Prom Shoes, who established his lead just before they hit the three-eights pole dug in gamely to hold onto the place while it was a neck back to Fearless Vision, who looked to be rallying strongest of all once they straightened away in the lane, but leveled off in the final strides. The runner-up was making his first try beyond the 7 ½ furlongs he ran in the Derby Trial in his prior, and it is worth noting that the Peter Pan is, even at 9 furlongs, a one turn race, so the Belmont Stakes would be yet another first for the son of Include.
While the runner-up and third place finisher would definitely help fill out the Belmont field it is more likely that Prom Shoes will head to the Ohio Derby on June 2 instead of the Belmont. His running style of tracking and closing quickly is much more suited to the same 9 furlong distance at Thistledown (even if around two turns) than it is to a grueling twelve panels he'd have to negotiate on June 9.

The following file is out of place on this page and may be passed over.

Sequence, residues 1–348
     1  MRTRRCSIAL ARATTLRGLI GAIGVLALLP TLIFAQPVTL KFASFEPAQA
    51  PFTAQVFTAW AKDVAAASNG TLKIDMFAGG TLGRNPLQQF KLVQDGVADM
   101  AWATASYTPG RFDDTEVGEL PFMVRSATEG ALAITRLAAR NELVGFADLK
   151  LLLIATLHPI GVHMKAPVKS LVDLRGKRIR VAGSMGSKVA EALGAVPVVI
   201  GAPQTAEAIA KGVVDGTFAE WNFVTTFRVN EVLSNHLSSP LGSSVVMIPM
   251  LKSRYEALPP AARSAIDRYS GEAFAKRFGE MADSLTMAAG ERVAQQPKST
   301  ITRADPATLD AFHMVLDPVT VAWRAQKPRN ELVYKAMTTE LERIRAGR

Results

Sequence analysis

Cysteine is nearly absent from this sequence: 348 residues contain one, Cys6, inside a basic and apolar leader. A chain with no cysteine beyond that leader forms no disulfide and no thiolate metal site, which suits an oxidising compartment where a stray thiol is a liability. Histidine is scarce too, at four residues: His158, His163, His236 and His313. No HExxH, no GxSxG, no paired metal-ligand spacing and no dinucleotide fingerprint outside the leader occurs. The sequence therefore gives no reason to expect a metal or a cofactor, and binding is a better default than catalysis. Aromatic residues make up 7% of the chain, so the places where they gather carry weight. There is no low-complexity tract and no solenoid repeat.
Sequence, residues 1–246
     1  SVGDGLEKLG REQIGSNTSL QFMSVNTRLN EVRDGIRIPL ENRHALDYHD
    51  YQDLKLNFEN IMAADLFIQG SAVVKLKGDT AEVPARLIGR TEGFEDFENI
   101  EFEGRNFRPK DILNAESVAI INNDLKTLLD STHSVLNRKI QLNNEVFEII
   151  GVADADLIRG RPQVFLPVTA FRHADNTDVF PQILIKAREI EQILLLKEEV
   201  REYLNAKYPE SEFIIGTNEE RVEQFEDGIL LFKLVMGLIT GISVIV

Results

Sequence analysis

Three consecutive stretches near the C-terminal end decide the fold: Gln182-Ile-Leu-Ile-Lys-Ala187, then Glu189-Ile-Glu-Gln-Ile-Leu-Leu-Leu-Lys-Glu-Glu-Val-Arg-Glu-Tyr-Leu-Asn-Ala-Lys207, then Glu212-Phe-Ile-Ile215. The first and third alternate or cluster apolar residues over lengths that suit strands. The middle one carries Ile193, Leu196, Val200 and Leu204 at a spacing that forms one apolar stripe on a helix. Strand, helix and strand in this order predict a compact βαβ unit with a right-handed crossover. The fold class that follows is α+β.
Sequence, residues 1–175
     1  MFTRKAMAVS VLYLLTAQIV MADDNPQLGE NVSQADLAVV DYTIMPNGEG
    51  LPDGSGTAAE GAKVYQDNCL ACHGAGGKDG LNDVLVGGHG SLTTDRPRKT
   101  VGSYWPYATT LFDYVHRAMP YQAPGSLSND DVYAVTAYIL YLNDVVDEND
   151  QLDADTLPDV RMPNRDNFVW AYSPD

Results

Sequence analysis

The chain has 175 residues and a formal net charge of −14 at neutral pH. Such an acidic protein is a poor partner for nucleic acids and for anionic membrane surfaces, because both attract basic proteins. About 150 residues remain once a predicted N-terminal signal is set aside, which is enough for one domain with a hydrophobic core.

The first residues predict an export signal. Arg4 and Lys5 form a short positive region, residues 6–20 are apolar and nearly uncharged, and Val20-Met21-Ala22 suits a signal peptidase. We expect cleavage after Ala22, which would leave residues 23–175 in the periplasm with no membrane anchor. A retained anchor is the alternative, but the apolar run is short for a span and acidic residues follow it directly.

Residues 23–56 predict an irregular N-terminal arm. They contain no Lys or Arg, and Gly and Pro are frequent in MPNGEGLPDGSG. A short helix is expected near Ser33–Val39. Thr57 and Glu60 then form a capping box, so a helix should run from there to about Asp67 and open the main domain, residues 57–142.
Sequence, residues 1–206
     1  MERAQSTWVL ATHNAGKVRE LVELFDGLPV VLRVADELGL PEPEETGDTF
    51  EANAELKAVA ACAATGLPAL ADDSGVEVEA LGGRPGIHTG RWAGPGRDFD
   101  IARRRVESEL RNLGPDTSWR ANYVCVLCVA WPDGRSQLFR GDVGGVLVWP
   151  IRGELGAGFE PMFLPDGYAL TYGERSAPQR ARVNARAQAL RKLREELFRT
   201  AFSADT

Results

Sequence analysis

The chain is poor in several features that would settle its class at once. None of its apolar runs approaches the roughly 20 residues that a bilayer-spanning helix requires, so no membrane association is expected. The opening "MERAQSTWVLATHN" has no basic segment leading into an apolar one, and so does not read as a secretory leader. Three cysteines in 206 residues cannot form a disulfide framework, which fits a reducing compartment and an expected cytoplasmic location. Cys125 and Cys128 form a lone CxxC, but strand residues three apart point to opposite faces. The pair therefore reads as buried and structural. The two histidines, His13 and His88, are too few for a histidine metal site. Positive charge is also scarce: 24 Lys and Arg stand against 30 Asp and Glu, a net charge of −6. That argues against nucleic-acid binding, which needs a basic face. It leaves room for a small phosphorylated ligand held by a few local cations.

As for Fearless Vision, who really did step up in his first stakes try, he has at least had two turn experience when he ran second three back in a nine panel allowance race at Gulfstream. Trainer Patrick Reynolds said he will wait a few days to make his decision regarding the Belmont, but at least the fact that he turned the tables on Soaring By, who beat him in that Florida allowance but was 13 1/2 lengths behind him on Sunday, indicates that the son of Vision And Verse is moving forward.
It was another 6 ¼ lengths back to Hal's My Hope in fourth, and 7 ¼ more to Sir Whimsey, who finished a neck in front of the disappointing trailer Soaring By It is doubtful any of that trio go anywhere but back to the drawing board.
(Street Sense Is Probably The Key To The Size Of The Belmont Field.)
As of right now there are anywhere from twelve to fourteen horses under consideration for the Belmont Stakes. That is a very large number by recent standards, and in all likelihood that number will lessen the closer we get to June 6 when post positions are drawn.